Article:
Those Stripey Bastards

It occurred to me on Friday night, as I was removing my make-up, that there was one thing I hadn’t yet done in Korea. Well… to be fair, there are many things I haven’t yet done in Korea, but this was one that I know several other people had already done.

I hadn’t cried.

This hit me like a ton of bricks, after what was a rather tough week. I’d left the office despite promising myself that I would stay until my work was done. I’d gone home and I’d sat down in front of my laptop, intending to continue working, and I burst into tears. When combined with the cough I’ve been (unsuccessfully) combatting for the last two weeks and my tendency to wear too much eyeliner, this was an unsightly, unpleasant affair. Sobbing gave way to fits of coughing, which then gave way to further fits of sobbing until eventually I managed to calm down enough to make some tea, clean up the panda make up on my face, and have IM my mom on Skype.

Now, my mom didn’t have much useful advice, but was (as she often is) ready to tell me to keep my chin up and to carry on. She did the best thing she could have done under the circumstances – she told me to let myself feel what I was feeling, that I was allowed to be upset. She then reminded me (as she so often does) that she would love for me to come home (which is her way, I suspect, of telling me that if I decide to break my contract, it’s okay with her).

Now… last week. Last week was tough. I didn’t get enough sleep. I generally don’t, but I need it now more than ever. One of my classes was being recorded, and all of my anxiety surfaced. I was reminded of the first time I’d taught a class, the first time I had to be evaluated by my students, that one time one of my students decided to be a dick to me in my own lecture, and I had to tell him to leave.

To make matters worse, I’d spent the whole week worrying about the class, only to find out on the day before that four native teachers would be observing my class. I began to doubt my decision to run my class as normal. I avoided the temptation to finish a bottle of wine before going to sleep.

The class went well. I suspect. A proper feedback session is still incoming. The feedback that I was given was largely surrounded by great amounts of praise. One of my students had asked a question I couldn’t answer, and I responded that I would give her the answer when I next saw her. She apologized afterwards for embarrassing me. I suspect it stood somewhat in my favour that I did that. I certainly hope so. Said student then asked me what a trophy wife and a sugar daddy were. And I had to explain these terms while my head teacher (who had witnessed much of my nervousness) was standing next to me.

On Saturday my school runs a programme for gifted students in Incheon. For me, this involves editing students’ assignments, preparing a feedback class on the writing, a class on debate, and doing a class on academic writing (Oh! The flashbacks!) – though I don’t actually have to prep that one.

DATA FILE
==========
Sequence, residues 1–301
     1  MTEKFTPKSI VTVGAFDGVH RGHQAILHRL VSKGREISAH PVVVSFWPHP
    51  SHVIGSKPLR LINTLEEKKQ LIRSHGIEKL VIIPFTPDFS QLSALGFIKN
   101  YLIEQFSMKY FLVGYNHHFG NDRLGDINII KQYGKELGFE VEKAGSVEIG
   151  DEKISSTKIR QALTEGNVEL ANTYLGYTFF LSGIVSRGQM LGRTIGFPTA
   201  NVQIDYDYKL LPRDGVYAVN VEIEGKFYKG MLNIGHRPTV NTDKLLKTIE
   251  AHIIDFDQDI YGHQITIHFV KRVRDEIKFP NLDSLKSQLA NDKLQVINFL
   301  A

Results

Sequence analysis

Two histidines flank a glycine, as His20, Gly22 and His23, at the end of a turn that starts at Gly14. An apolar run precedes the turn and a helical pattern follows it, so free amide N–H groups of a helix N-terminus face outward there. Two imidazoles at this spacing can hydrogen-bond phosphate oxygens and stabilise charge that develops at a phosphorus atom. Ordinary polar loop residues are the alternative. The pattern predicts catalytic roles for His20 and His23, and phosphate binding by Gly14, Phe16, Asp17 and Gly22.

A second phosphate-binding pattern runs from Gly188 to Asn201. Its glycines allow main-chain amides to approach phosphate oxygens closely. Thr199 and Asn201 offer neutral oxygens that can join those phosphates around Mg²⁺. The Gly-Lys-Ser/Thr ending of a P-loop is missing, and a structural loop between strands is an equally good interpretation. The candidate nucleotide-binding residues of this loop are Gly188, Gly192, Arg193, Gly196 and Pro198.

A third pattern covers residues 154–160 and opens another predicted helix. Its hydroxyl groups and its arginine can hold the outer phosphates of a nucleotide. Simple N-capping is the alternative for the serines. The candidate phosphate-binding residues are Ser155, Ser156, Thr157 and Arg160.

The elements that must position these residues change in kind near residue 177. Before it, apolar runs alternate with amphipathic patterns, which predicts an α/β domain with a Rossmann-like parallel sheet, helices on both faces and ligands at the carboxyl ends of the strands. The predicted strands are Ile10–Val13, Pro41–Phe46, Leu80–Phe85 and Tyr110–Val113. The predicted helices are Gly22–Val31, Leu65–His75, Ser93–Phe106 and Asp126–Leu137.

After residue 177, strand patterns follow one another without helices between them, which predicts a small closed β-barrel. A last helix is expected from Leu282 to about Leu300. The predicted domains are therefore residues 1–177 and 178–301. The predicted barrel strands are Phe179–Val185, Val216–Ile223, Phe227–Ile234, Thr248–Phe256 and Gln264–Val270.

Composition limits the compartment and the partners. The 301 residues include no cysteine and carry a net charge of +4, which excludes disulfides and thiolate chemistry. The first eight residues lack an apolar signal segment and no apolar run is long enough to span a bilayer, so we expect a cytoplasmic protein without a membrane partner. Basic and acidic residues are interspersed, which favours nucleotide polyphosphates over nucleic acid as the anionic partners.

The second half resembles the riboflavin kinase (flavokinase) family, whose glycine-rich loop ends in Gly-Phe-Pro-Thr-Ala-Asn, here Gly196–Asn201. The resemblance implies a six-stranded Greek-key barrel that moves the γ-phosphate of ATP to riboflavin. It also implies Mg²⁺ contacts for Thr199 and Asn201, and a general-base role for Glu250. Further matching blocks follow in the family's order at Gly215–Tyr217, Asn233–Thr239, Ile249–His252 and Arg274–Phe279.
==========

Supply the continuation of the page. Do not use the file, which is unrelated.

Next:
The weekend programme is what really set me off on Friday. After working on the mid-term exams, doing the recorded class and managing to get all the papers edited, my co-teacher for gifted programme demanded (out of nowhere) to see the presentation for the first lesson of the following day. She said “I want to see it one day before.” Too late for that, by 20:00 on Friday when the first class is at 9:10 on Saturday. Especially when she’d just seen that I’d only just finished editing the papers for which that first class was meant to be feedback.

On Friday night, I decided I couldn’t stay in the office for another second. I packed up and left. And the rest is… well… it’s what I started this post off with.

Now I’m not entirely sure what contributed to the tears. I suppose it was that I’ve been feeling increasingly homesick for the last week. Maybe it’s that Aunt Irma decided to show up. Maybe it was that my nerves from my recorded class had decided to manifest. Maybe it was the fact that, after two weeks of being ill, I was (and am) still ill.

But what I had, most of all, was the urge to walk back into my office and shout “Cut me some fucking slack, will you? No amount of preparing myself before leaving could have come close to preparing me for this place!”

And I cried.

And then I cleaned the make up off my face (which had gone everywhere).

And then I finished my presentation.

Saturday went well.

It’s Monday.

I’m still tired. But I’m no longer wound up.

I suppose the moral is to not let the stripey bastards eat you. Hide under a colander.

DISCLAIMER: I’m fine guys! I’m fine! Korea is great, my job is good, I’m getting well. Friday just wasn’t a good day for me.


3 thoughts on “Those Stripey Bastards

  1. Crying it out always does you good. Whether its homesickness, which I haven’t experienced yet. Or when something goes wrong or for no reason at all tears want to roll. Let it be and in the morning you will feel better. You almost always will. Keep you chin up, it gets easier with time.Besides cold run you down to the point that tears can be inevitable.


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